There are all sorts of little perks that different airlines give, including discounted travel passes on other partner/non-partner airlines. The system is generally quite complicated and it varies so much.

other folks in the travel industry (non-airline related) obtain access to these discounts too, such as travel agents, cruise lines, etc. but they are usually not as good. But this is another option too.
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Old Aug 6, 08, 12:49 am   #14
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Quote:
Originally Posted by maokh View Post
I am not an employee, nor do i know any current employees. However, I do know quite a few people that have put in their time at the airlines (not alaska in particular though). Here is a generic answer regarding non-revenue travel for nearly any airline, and it may not be specific enough. I hope it does not upset anyone Each airline is different, contact them directly.

Usually an airline will not provide these benefits to you immediately. You will need to put in some time for these to take effect.

Travel is typically standby and space available -- which means you may not get a seat on a plane. this can be bad if there is very low frequency and can become a big waste of time if not planned for properly.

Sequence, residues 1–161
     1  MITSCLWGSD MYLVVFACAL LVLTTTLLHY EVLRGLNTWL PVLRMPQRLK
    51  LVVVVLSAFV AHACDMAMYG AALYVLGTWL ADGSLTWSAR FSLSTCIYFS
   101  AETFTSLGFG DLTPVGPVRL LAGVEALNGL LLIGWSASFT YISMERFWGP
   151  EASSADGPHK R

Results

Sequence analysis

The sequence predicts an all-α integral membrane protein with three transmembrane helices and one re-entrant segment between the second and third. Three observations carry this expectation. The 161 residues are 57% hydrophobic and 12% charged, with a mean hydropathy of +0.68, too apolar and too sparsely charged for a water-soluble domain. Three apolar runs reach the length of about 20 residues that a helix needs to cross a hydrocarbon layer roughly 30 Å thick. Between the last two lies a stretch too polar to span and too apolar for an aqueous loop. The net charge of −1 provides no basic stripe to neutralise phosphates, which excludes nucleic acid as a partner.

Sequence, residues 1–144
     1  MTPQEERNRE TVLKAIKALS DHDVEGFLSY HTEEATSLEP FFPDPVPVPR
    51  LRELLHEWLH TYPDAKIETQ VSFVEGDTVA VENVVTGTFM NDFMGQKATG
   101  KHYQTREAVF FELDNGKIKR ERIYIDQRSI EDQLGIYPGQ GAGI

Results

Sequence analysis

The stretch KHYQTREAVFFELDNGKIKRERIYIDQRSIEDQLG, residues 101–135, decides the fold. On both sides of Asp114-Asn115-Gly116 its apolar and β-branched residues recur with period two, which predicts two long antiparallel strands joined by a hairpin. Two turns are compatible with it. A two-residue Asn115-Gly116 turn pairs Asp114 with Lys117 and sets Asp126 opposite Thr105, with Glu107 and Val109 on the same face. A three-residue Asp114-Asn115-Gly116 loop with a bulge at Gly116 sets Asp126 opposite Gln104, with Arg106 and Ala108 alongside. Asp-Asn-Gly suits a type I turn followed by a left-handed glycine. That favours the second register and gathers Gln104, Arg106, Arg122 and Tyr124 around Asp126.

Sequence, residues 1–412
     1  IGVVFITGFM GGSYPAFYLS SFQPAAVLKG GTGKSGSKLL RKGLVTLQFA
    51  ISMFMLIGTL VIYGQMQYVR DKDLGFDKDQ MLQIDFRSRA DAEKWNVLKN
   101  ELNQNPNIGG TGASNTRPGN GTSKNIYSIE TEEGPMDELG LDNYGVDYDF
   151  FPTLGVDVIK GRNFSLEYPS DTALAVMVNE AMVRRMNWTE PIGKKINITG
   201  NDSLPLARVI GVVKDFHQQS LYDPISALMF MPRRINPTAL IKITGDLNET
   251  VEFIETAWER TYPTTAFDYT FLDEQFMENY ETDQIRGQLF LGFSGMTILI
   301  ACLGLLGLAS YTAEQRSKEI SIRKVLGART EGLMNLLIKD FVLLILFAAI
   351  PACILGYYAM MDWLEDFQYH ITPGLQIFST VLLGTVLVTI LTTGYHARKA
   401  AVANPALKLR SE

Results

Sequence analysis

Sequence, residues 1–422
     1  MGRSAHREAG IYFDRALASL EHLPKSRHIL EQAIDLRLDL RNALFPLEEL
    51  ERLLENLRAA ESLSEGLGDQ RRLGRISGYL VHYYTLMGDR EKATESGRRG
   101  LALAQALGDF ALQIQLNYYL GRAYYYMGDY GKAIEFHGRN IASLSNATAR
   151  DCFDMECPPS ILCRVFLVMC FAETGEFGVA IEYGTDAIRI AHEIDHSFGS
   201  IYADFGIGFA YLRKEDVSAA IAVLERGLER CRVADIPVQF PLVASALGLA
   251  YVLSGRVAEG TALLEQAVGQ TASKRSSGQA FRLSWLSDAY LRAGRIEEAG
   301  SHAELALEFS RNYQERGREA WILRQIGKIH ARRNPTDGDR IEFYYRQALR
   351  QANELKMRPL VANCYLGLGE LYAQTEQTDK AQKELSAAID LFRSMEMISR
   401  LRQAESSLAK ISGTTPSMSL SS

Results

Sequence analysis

Usually airlines do not put caps on this type of activity, but there are going to be many limiting factors:

a) your actual time off for travel
b) your tax burden (IRS considers it a certain type of income, port taxes usually are paid)
c) availability on the flight
d) being able to afford all the other incidentals traveling causes (airport parking, rental cars, hotel, eating out, etc)
e) scheduling conflict

After all this, my friends found that while you might score an occasional, lucky trip at the right time during your time off, it was not quite often. You also have significant risk in making it back home in time for your shift if you choose a bad time to fly. not showing up to work is a great way to get fired.

There are all sorts of little perks that different airlines give, including discounted travel passes on other partner/non-partner airlines. The system is generally quite complicated and it varies so much.

other folks in the travel industry (non-airline related) obtain access to these discounts too, such as travel agents, cruise lines, etc. but they are usually not as good. But this is another option too.